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Saratoga--One glance across the classroom tells the story of what kind of high school student enrolls in the Middle College program at West Valley College. Even though Room 8 of the Science and Math building sits right in the middle of the West Valley College campus, the human geography of the classroom follows predictable secondary school trends: denser and noisier toward the back two rows, quieter along the sides where it's easiest to disappear, and motionless in front, where earnest gazes and good posture prevail. The age-old social map of a high school classroom.

Oh. So they're not all precocious eggheads and studious Model-UN-types discussing calculus problems during break. Regular kids.

The new Middle College program gives 14 juniors and nine seniors from Campbell Union and the Los Gatos-Saratoga high school districts the opportunity to finish their studies in a college environment.

In the mornings, students take a counseling course "to acquaint them with handling themselves in an independent environment," explains program director Barbara Hayslip. The course, designed to explore career possibilities in depth, suggests great seriousness on the part of the students.

But as they sit, squirm and chatter in the classroom where their required high-school English and history classes are held, suffering questions by a reporter, they prove themselves bright and confident but by no means extraordinarily focused. Or exceptionally bookish--three raise their hands when straight-A students were asked to identify themselves.

Hayslip doesn't claim that these are wunderkinds who are bored out of their skulls by a flabby high school curriculum. She focuses instead on their "independence"--which seems intimately related to their social skills.

"They're independent and find it more comfortable to learn in a college type of environment," she says. "They're bright students who believe they will perform better in this environment."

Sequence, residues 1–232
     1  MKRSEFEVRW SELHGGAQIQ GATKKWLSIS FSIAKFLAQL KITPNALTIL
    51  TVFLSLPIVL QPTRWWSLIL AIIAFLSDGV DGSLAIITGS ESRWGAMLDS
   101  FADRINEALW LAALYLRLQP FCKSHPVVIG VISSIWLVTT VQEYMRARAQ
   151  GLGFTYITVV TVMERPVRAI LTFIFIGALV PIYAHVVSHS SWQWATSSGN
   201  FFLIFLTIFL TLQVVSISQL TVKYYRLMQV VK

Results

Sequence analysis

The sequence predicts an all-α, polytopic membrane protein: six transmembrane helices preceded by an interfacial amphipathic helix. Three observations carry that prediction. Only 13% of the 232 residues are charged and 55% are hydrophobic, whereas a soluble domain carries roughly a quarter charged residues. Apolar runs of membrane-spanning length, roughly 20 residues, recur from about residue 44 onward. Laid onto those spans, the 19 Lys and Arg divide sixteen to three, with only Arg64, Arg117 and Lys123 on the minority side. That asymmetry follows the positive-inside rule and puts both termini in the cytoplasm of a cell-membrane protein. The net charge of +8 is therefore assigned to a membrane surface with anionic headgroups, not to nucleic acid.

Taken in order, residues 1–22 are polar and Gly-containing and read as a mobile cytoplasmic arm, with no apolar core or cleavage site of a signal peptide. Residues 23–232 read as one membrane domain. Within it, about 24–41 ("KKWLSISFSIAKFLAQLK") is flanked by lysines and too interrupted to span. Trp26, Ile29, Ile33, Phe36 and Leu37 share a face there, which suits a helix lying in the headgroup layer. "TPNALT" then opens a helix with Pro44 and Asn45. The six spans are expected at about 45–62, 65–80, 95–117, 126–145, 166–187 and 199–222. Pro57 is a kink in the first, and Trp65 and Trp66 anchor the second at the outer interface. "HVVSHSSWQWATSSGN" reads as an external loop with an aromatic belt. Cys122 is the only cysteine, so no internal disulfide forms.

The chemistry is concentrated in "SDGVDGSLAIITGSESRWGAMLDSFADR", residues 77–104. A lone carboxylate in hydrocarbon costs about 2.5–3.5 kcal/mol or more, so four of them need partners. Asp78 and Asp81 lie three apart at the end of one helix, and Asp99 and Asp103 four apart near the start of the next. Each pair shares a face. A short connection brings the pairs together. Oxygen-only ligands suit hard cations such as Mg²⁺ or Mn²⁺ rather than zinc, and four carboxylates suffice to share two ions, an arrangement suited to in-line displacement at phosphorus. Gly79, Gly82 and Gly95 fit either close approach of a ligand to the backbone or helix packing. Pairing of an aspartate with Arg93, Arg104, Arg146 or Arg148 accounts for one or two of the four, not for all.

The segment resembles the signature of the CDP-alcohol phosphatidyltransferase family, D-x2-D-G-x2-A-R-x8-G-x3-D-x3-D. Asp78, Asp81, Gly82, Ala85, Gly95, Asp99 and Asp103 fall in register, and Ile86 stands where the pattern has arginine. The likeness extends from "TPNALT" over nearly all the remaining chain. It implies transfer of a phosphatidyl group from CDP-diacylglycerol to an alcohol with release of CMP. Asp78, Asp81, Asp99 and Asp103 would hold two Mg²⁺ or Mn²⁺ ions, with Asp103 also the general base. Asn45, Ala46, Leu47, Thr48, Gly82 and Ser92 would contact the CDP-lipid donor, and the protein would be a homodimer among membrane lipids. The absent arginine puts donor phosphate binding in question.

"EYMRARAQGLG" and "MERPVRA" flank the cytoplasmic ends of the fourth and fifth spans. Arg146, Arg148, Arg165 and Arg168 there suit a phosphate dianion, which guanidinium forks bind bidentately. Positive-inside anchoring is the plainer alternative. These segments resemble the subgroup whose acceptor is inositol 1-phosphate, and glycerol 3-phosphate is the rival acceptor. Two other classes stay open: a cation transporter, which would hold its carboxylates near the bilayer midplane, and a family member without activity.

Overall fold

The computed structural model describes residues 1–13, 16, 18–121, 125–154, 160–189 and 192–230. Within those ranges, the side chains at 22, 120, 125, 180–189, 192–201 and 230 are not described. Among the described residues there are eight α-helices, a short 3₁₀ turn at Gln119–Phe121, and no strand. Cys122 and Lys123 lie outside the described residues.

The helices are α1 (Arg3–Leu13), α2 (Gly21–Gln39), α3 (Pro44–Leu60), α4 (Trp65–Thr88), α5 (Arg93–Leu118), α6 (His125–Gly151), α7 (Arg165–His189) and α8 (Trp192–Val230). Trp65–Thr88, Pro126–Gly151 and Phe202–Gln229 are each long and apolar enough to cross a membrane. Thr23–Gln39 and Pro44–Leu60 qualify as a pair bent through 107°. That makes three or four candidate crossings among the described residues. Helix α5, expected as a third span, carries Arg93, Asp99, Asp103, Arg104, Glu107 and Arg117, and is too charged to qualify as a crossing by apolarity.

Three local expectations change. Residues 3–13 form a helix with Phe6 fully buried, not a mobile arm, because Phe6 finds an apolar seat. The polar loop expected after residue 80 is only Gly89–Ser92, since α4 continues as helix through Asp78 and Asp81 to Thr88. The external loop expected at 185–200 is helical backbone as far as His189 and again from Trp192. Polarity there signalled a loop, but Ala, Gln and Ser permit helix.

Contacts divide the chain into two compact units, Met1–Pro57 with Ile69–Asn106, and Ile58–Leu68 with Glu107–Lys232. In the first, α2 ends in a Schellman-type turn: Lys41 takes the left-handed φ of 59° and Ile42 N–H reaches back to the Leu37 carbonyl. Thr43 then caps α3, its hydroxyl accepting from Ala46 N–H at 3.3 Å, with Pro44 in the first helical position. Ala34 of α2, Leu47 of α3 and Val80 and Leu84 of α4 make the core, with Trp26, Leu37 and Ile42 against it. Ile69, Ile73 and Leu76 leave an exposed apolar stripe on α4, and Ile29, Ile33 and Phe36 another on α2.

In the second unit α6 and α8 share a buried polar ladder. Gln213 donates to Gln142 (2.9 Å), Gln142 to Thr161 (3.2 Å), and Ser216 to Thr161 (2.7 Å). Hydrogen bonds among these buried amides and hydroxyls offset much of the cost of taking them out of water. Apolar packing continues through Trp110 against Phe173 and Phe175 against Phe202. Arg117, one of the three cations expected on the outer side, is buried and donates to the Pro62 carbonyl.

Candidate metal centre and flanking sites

About 10 of the students claim to know what courses they want out of this college thing--psychology, international business, computer engineering. More than half are taking college-level math or science courses, and many of the others are taking fine arts courses in the morning when they're not in counseling, English or history.

Asked what prompted them to embark in the lengthy application and interview process leading to a position in the program, they respond with explanations ranging from the flippant to the world-weary.

"My dad said if I went to college I'd get a new car," says junior Shaun Galanos while the others laugh. "But it's not just that. I like this a lot better than high school." He reports that the old man made good on his promise, and these days Galanos the Younger can be seen about town in a 1998 Volkswagen Jetta.

Senior Krissy Archer raises her hand. "I've been to 26 schools," she says unhappily, and "and I'm using this for leverage with my mom so I can stay here."

"High school is a waste of time," announces Praveena Salvaduray, a junior. "All the drama about who's going to prom ... you don't even learn anything there. I wanted to take the social thing out of school." "The reason I came was the maturity," opines a no-nonsense Lisa Benavides, now in her junior year. "I like adults better. A lot of my friends are 20."

"Mine too," Salvaduray chimes in.

A voice crying in the wilderness, Michael Greenstein reveals that high school just wasn't challenging enough. "They weren't offering any computer courses I hadn't already taken," he says quietly from his place in the front row. "And the environment's more comfortable here, even though there's more smoking, and I don't really like cigarette smoke." Greenstein is taking intro to Java this semester.

A cross-section of people doing something for different reasons. Just like in real life.
Traci Hukill

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